And if there was ever a relationship I was happy to see, it's Storybricks and EverQuest Next's.
At the end of last year, I was the lucky one who nabbed the chance to reveal Storybricks' dev diary regarding bringing NPCs to life. I remember well the words resonating with me as I read through it. Starting off as a tabletop payer before I was introduced to (and fell madly in love with) MMORPGs, I could totally related to ideas espoused in it. I thought longingly how it would be awesome if a game managed to incorporate those ideas. And now, those ideas might be coming to EverQuest Next? Be still my heart!
Now you might be thinking, what's the big deal? Well, let me tell you why: Exciting innovation is not yet dead in MMO development!
If you're suddenly envisioning Frankenstein's monster rising from the table, an animated being instead of an inanimate object, then you're on the right track to understand what the big deal is about Storybricks. In a nutshell, Storybricks devs expressed their intent to create the illusion of life in MMORPGs by putting the intelligence in Artificial Intelligence. In the dev blog, Brian Green and Stéphane Bura detailed the ideas of bringing NPCs to life in such a way that players could experience roleplay with them just as they could with GM-controlled NPCs in tabletop games.
Imagine coming across an NPC who doesn't just stand there and blandly roll through the same text player after player after player. Instead, the NPC interacts with folks on an individual basis, adapting to the choices and needs -- and even emotions -- of the one currently standing there. Now add in a memory; yes, the NPC remembers past experiences with the individual player and draws on past interactions to guide current ones. Pretty innovative, right? But it doesn't end there.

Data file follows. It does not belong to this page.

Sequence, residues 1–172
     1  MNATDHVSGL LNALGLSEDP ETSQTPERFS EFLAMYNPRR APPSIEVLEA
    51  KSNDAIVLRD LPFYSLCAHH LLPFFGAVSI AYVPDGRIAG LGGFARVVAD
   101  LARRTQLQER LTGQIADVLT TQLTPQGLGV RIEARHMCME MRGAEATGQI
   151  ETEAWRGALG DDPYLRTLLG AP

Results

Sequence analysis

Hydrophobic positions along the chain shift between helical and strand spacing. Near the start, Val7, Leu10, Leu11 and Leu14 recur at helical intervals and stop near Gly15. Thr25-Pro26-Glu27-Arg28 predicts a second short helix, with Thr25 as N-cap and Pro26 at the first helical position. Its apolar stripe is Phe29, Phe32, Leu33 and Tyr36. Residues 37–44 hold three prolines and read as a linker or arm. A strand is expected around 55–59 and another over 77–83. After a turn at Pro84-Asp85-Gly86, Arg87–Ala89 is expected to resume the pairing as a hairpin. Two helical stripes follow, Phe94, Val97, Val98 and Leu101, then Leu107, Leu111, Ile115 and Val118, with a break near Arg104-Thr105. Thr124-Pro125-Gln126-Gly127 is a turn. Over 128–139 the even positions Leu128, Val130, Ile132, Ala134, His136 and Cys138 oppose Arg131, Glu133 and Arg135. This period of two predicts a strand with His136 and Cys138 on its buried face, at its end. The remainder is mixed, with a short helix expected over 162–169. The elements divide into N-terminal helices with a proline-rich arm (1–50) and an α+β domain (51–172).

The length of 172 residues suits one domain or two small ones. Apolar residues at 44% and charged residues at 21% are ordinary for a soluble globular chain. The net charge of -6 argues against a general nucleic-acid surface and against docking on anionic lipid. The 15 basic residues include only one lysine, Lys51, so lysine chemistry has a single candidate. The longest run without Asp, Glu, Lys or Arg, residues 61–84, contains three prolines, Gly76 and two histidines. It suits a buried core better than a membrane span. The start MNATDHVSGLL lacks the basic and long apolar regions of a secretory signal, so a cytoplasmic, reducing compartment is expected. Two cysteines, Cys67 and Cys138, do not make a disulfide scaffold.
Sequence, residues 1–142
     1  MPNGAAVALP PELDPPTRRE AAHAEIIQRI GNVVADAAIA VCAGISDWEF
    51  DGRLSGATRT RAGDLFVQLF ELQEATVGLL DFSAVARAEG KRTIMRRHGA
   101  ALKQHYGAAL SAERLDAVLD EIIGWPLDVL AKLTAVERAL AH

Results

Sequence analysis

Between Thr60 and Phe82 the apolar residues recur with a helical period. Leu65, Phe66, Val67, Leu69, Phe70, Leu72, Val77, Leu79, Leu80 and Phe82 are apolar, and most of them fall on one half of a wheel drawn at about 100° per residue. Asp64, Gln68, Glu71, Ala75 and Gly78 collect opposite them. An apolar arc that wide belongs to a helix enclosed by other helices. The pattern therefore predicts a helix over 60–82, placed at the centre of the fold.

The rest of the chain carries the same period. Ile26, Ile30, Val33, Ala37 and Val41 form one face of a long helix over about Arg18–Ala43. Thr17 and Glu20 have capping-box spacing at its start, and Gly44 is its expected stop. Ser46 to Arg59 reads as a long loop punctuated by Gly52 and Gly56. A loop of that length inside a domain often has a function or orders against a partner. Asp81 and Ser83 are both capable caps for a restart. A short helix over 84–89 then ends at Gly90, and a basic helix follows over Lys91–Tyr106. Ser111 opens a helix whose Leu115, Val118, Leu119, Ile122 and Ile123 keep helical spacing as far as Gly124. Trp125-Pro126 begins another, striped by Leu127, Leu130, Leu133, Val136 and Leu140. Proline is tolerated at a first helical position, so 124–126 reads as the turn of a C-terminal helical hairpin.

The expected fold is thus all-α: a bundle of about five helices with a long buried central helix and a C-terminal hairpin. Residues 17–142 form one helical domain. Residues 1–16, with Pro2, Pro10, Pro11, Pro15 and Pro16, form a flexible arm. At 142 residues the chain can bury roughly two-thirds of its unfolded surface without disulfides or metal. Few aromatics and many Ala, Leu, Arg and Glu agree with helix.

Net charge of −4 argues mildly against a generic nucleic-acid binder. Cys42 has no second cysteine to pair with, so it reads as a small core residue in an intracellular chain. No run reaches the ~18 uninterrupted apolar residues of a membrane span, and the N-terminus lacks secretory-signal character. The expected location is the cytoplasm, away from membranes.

Not only does your relationship as a player affect your exchange with the NPC, but the NPC's personal life does as well. Wait, what?! Yes, my friends; Storybricks proposed that AI should have a genuine life outside the confines of PC interaction. Here's how devs put it:
Just think of interacting on a personal level with some of your favorite personalities in Norrath when they actually have a personality!
What's my line?
If there is anything the EverQuest franchise is known for, it's for the quests. Lots of quests. So even if an EQ sequel were morphed into a sandbox, you'd expect there to be quests, right? I mean, it's in the name, for Luclin's sake! But questing is a decidedly non-sandboxy endeavor. So how do you reconcile the seemingly diametrically opposed ideals of sandbox and questing? Storybricks' answer is first to bring the NPCs to life, then allow players to interact naturally with them.
The idea is that just as your relationship with the NPC is unique, so, too, is your dialogue. Forget canned responses where players select a pre-scripted line that might best suit their needs; in fact, just throw scripts out the window completely. Instead, convey your wants and needs by actually communicating, and then NPCs respond in like manner. Questing takes on sandbox elements when it ditches the script and becomes improv instead.
Let's hear it for the RP!
Another thing that has me personally very excited hinges on a single line at the beginning of that dev diary, the one introducing the "why we do what we do" part: "Storybricks was founded to bring the core of the roleplaying experience to MMOs." The Storybricks crew's reason for existence was to put the RPG back into MMORPGs.
As a roleplayer, I can't not be stoked to hear a company place RP at the forefront of design. For many games, roleplay features are an afterthought -- if they're included at all! And now this company is partnering with EQ Next. I am hopeful that the design philosophy carries over. After all, partners in a relationship do influence one another.
Last EverQuest is best
Now, take all of that from Storybricks and insert it into Norrath. Can you just imagine how this would seriously bring that already lore-filled virtual world to life? If so, then you can see why the sight of Storybricks and EQ Next holding hands elicits squeals of delight! It would most certainly make for a more deeply engaging sandbox experience than can be found in any other MMO out there.